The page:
Cover Image Courtesy: China Daily
Esports is definitely a thing, it has been around for quite some time now and will continue to grow in the coming years. It's not something fictitious. It was thoroughly enjoyed by about 380 Million fans and enthusiasts all over the globe, leading to the growth of esport economy by $905.6 Million in revenue while brand investment saw an increment of 48%. Esports surely seems to be having quite an impact globally.
Image Credit: Yahoo News
Unfortunately, ?Alfons Hoermann, president of the Deutscher Olympischer Sportsbund (DOSB) does not seem to share the same sentiment. He has recently made a bizzare statement, shocking the esports fratenity. He stated:
“Esports does not exist. And it will not be included in the Olympic program.”
The statement was made in connection to the on-going debate about whether or not esports should become a part of the Olympics. While all the fans obviously support the notion there are critics that think otherwise. Unfortunately a few personalities, refuse to acknowledge its existence.
Image Credit: Zimbio
Sports Minister of Germany, Peter Beuth added further heat to the debate by making the following statement,
“Esports are as little sport as knitting and recorder play. We must not allow the e-gaming industry to collect these sports assets. The idea that the e-gaming industry is vying for funding, I think is absurd.”
The above statements reflect poorly upon the state of Germany which is highly respected in the field of esports. ESL (Electronic Sports League) which is the largest esports company in the world, while also being the oldest that is still operational, is headquartered in Cologne, Germany.
Amongst the many events organized by them, ESL One: Cologne is one of their landmark events that takes place in Germany every year. The event attracts a lot of CS:GO enthusiasts and is a highly reputed event, which is why it is also referred to as “The Cathedral Of Counter-Strike". Cologne was also the birth place of Dota 2's 'The International', which was the first ever million dollar event in the history of esports.
Some German officials have however come in support of esports, Dorothee Baer, Minister for Digitization went ahead and tweeted that ‘esport is sport’, disputing the ridiculous claim that esports don’t exist.
Oh Germany... Federal Home Secretary of Hessen Peter Beuth (CDU) compares esports to knitting and playing flute. Continues to say '(traditional) sports stand for something completely different' and so 'esports could never be knighted to be called such'. @Slasher @PaulChaloner pic.twitter.com/s2HwN2e4li— Kendric (@KendricSwissh) January 29, 2019
While the global community was certainly not impressed by the comments made by the Sports Minister of Germany and the president of the DOSB, there was some positive news coming in from the east. China is planning to officially recognize esports players and esports event managers as fully-fledged professions alongside 13 other professions said a statement by the China Employment Training Technical Instruction Center.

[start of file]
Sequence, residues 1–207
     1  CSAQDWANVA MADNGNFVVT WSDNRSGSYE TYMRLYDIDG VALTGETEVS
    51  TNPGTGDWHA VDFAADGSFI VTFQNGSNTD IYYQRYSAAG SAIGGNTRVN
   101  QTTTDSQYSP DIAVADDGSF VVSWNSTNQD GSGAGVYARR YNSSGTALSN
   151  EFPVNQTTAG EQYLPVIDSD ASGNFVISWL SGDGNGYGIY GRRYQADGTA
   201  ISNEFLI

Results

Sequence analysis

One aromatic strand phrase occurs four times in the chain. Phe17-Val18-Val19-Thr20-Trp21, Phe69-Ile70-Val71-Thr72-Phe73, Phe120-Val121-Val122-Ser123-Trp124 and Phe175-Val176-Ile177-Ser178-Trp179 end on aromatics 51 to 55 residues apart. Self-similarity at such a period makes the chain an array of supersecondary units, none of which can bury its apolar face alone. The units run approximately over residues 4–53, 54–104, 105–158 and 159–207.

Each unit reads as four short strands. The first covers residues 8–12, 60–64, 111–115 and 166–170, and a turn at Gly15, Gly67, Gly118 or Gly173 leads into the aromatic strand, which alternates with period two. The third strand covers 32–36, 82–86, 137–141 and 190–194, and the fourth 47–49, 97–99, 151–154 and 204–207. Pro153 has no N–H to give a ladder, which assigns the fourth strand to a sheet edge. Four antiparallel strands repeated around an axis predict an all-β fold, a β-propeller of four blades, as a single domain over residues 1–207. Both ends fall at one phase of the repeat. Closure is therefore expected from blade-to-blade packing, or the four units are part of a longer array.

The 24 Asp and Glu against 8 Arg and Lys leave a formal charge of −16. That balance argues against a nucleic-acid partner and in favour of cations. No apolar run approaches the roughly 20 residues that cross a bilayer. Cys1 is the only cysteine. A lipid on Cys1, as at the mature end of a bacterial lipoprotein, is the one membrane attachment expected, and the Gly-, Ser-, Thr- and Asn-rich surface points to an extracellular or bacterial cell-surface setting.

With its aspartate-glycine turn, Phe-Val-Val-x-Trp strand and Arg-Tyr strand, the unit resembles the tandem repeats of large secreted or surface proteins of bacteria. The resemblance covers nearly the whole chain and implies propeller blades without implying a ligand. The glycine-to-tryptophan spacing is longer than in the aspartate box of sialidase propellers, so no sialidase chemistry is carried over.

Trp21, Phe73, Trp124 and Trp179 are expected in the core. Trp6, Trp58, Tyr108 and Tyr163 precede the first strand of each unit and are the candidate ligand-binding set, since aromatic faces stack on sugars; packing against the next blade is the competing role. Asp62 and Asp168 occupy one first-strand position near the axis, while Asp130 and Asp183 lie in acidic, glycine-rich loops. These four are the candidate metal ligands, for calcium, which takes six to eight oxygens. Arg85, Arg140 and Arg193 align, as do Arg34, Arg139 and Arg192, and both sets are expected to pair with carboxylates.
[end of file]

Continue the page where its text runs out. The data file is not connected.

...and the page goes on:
This news broke, a day after the bizarre comments on esports were made by the German sports officials. The move was specifically made by the Chinese Ministry of Human Resources & Social Security.
This is quite a big step for the legitimization of esports, as it is still looked upon as a questionable choice when it comes to picking it up as a career. Even in western countries, there are some major stereotypes and stigmas still associated with esports, even after hosting multiple million-dollar events across several gaming titles.
The Asian region has steadily become the front runners in legitimizing and accepting the esports industry with a sense of professionalism. The Asian Games 2018 featured six esport titles as exhibition sports, witnessing participation from 18 out of 45 member nations. This was followed by esports being announced as a medal sport in the upcoming Southeast Asian Games 2019 to be held in the Philippines. With such advances being made in the Asian region it was only a matter of time before China stood up to show its support towards esport, especially if there is a market worth billions of dollar to be tapped into.
But China is not the only Asian country to have recognized competitive esports as a career. Japan had earlier established the Japanese Esports Union that has the authority to provide licenses to pro players facilitating aid in obtaining Visa, participating in tournaments and better identification as a registered athlete. Malaysia has also recently invested over $2.4 Million to develop and promote esports in their country.
While there will always be extremists that will cease to recognize esports as an actual sporting disciple, if other countries can appreciate what has been achieved by the whole of Asia in the past 18 months, while making an effort to follow the path taken by countries like the USA, China, Malaysia and Japan, esports is surely going to reach new heights while obtaining due credit for being overlooked as a successful and secure career.